Possible Casino Cap
The casino market in Atlantic City has finally reached a level of stability after a decade of struggling. Gaming revenues suffered for many years as the region tried to regain a foothold. In 2014, four casinos shut down and a fifth was inactive by 2016. However, the region is now doing well due to market stabilization. Online gambling has also contributed to overall growth.
Experts and officials now feel that the time has come to review gaming regulations to prevent another downturn for the industry. Jim Johnson, the special counsel reviewing the state’s involvement in Atlantic City, has co-authored a transition report recommending that policymakers consider regulatory reform.
The goal would be to determine whether changes are necessary to ensure the gaming market’s stability. Nine casinos are now operating in the city. The report suggests that the number of casinos for the region or the total capacity of the city’s gaming venues should be capped.
The transition report said: “Atlantic City’s fortunes remain closely tied to the health of the casino industry. The shuttered casinos now haunting the Boardwalk are powerful reminders that while there can be significant benefit from learning lessons from failure, there can also be devastating costs to forging ahead without heeding those lessons.”
The market had only seven gaming venues until June 2018, when the Ocean Casino Resort and the Hard Rock Atlantic City opened for business. The Ocean Casino Resort is located in the former Revel Casino building and the Hard Rock is in the former home of the Trump Taj Mahal. The Revel closed its doors in 2014 and the Taj was shut down in 2016.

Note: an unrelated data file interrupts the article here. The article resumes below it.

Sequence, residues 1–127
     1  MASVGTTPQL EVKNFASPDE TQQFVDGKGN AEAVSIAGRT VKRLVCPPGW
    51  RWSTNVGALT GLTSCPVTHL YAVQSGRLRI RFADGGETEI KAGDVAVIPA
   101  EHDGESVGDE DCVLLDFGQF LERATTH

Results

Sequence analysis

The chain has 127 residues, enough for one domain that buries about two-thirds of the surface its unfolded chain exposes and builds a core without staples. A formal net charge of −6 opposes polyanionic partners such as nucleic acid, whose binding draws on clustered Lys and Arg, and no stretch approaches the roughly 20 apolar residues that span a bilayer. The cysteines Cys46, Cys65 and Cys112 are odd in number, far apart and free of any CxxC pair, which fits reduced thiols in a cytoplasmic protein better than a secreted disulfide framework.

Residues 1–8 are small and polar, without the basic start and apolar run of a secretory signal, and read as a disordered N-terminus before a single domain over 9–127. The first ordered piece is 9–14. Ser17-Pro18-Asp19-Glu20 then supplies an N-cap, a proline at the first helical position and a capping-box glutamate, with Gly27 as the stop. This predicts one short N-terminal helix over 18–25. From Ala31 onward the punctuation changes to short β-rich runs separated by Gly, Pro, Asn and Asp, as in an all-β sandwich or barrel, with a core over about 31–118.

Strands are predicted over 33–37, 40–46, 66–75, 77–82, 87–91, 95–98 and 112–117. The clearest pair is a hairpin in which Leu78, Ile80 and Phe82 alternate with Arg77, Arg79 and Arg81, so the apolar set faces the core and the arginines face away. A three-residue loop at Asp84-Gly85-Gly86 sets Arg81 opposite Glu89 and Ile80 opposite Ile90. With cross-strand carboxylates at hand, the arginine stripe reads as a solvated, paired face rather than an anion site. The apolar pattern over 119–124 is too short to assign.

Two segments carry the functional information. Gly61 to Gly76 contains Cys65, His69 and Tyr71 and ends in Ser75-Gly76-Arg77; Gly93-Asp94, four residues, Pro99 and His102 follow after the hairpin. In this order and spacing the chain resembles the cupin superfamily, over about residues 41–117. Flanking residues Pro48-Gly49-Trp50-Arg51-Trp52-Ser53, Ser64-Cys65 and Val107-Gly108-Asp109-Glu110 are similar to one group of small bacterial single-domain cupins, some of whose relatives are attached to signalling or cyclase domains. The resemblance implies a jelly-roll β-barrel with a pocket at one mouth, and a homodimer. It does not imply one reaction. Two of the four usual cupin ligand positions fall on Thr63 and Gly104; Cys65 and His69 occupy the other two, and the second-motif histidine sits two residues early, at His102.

With the opening of the two casinos last year and the continued growth of online gaming, experts were worried that saturation would soon occur. If the market were to become too crowded, issues could arise. Stability is a major concern and past issues are the reasons that the report suggests policymakers should review the market as it stands now.
Atlantic City Regulators
In Atlantic City, the gaming industry is regulated by the Casino Control Commission and the Division of Gaming Enforcement. Casino Control Commission Chairman James T. Plousis said in an email that the commission has reviewed the report’s recommendations. The group is committed to working with the relevant agencies to find the best path forward for Atlantic City.
New Jersey’s Casino Control Act can help with stability. The commission is required to consider if a new license issued or a property sale to an existing license holder would create undue economic concentration. So far, the commission has yet to deny such an application based on these terms.